Cassandra Dunn: New York Fall

New York Fall

The flight had been a noisy, arid cross-country red-eye. I brushed my teeth and hair in the dim bathroom while Marcus waited in line for the rental car. Then we joined the slog out of the city. The first leg heading upstate was a tedious crawl. Marcus closed his eyes each time he braked, drowsing for a brief moment whenever the car wasn’t moving. This made me nervous, and I was already anxious, just a few hours from meeting his children for the first time.

“Want me to drive?” I offered.

He looked over, smiled, and squeezed my knee. “I’m exhausted.”

“I can tell.”

He pulled into the next rest area and we switched seats. Within moments of reentering the interstate, his head was thrown back, his mouth open, his breathing a steady slow rhythm.

“You can’t really sleep, because I have no idea where I’m going,” I said.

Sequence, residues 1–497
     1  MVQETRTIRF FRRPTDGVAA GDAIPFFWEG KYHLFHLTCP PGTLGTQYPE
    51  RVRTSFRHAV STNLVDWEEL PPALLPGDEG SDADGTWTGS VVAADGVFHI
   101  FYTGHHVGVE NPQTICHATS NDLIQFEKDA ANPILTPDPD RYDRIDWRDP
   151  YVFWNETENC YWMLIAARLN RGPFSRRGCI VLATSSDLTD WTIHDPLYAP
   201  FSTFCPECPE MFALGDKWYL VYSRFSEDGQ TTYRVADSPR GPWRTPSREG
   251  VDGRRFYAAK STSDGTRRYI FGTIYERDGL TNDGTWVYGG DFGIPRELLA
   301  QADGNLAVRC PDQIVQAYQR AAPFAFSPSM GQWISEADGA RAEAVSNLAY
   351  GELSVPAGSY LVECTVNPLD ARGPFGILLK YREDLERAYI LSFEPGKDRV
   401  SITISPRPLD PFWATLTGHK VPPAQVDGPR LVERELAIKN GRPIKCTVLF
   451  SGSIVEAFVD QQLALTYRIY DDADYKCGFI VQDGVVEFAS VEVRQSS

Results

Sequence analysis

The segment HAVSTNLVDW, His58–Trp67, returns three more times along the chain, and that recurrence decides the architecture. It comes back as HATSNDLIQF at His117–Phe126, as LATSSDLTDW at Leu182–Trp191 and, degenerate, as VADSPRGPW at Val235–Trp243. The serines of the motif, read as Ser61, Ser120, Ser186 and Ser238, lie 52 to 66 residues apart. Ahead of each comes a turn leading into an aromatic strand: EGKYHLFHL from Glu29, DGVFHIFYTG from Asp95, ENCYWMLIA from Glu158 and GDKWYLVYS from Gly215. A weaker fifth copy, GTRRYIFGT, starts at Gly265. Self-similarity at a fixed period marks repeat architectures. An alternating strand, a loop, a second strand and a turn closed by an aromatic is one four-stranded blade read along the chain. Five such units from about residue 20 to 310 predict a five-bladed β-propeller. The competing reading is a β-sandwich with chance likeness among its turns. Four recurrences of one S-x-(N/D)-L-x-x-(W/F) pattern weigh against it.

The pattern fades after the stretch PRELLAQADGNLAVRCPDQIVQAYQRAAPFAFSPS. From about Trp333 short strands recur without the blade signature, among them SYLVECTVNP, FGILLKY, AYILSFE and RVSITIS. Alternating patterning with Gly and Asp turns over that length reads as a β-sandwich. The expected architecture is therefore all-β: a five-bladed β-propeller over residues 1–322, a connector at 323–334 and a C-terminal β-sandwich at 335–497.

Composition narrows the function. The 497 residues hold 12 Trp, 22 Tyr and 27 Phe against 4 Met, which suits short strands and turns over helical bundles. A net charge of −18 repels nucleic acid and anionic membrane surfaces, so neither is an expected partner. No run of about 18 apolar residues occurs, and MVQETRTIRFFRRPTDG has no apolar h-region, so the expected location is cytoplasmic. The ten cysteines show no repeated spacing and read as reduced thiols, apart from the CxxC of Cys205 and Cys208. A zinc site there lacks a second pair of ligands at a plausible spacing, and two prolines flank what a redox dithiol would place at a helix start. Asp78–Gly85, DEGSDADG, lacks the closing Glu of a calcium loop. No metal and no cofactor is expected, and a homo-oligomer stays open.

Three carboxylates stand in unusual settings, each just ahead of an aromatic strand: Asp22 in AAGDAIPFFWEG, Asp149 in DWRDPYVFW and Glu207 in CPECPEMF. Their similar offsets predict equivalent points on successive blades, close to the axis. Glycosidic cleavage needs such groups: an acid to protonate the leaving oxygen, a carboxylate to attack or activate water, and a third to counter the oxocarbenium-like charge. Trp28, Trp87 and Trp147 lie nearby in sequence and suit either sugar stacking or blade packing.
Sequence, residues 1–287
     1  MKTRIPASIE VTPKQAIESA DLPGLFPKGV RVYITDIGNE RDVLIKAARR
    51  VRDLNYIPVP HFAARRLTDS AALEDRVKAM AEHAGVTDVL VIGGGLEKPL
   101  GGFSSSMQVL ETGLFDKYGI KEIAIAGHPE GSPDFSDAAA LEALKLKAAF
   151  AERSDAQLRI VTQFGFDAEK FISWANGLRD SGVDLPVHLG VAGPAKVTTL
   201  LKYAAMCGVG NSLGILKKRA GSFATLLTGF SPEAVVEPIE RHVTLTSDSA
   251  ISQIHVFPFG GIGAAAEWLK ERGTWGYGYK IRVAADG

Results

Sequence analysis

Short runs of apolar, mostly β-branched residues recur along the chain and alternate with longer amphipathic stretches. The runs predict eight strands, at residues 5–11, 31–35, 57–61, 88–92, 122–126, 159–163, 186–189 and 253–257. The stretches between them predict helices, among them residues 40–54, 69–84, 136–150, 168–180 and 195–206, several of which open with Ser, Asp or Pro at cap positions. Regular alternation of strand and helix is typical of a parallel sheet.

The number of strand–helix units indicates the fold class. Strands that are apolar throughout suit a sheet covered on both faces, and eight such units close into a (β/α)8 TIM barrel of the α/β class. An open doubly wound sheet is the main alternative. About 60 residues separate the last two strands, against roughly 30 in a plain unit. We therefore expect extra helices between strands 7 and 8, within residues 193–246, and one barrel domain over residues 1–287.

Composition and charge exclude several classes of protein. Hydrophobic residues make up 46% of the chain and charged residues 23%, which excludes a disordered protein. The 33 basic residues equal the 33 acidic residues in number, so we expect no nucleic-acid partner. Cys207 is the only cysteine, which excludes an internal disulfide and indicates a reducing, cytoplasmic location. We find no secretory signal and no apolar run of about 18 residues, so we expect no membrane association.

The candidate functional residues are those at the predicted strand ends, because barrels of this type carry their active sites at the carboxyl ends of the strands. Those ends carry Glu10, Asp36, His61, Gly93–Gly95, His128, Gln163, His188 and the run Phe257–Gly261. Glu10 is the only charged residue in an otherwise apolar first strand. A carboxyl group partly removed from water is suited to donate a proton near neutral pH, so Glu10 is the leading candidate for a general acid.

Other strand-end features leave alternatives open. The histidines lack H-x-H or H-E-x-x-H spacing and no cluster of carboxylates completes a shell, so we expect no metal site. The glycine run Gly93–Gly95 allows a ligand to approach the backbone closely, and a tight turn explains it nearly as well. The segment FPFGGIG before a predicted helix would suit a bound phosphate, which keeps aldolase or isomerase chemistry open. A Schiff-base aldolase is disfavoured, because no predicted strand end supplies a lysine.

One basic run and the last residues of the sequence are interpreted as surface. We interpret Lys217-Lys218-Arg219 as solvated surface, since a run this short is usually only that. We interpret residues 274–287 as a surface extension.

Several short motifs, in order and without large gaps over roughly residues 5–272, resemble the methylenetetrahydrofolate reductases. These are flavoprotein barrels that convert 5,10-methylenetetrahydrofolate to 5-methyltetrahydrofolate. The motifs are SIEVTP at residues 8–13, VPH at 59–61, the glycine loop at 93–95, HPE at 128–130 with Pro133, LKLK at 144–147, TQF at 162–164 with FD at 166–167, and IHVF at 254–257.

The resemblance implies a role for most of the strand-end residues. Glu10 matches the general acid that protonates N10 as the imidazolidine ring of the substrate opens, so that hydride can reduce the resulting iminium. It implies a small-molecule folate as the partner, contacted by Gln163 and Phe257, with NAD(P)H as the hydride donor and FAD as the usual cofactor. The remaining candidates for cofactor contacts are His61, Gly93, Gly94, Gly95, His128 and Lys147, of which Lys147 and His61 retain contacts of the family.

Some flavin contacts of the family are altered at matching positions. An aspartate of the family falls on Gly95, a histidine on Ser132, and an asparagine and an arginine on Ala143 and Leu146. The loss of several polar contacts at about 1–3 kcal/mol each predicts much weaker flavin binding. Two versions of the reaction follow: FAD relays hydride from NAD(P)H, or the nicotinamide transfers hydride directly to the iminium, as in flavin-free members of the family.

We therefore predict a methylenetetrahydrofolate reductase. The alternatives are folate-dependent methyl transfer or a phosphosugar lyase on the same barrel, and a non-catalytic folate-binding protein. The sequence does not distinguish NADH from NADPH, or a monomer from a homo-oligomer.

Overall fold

He gestured before us with a double flick of two fingers. Onward. And with that, he was out.

I stayed on the same route, hoping I wasn’t lost. The industrial structures of the city receded, replaced by trees thick with changing leaves, the beauty of New York fall, a season we didn’t have in California.

Marcus woke, briefly, just in time to tell me to take the next junction, as if his body had memorized the topography of the route upstate, every bend in the highway, and knew just when I’d need him. For all the times he’d made this very trek, perhaps it had.

I nudged him after another stretch of sluggish traffic, when the signs he’d warned me to look for started appearing: Fishkill, Plattekill, Spackenkill, Fallkill.

“What’s with the ‘kill’ places, anyway?”